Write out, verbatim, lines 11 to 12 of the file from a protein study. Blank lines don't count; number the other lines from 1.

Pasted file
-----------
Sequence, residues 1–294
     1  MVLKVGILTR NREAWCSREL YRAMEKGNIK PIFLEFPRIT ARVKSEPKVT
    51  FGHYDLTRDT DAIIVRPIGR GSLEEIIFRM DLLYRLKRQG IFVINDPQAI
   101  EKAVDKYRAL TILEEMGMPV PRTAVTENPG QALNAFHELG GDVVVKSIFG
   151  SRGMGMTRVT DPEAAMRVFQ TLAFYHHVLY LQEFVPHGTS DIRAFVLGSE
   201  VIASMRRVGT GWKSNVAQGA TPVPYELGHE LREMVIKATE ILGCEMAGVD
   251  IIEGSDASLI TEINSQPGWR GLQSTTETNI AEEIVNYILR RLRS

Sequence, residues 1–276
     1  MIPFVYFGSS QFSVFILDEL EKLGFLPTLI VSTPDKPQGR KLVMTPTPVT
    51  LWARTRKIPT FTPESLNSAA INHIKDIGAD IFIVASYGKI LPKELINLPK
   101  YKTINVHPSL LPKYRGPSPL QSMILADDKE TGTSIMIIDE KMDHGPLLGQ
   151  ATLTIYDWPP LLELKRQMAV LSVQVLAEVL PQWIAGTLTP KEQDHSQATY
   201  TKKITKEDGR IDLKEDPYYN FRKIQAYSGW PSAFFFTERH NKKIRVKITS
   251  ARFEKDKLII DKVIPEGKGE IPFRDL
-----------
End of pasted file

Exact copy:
   101  YKTINVHPSL LPKYRGPSPL QSMILADDKE TGTSIMIIDE KMDHGPLLGQ
   151  ATLTIYDWPP LLELKRQMAV LSVQVLAEVL PQWIAGTLTP KEQDHSQATY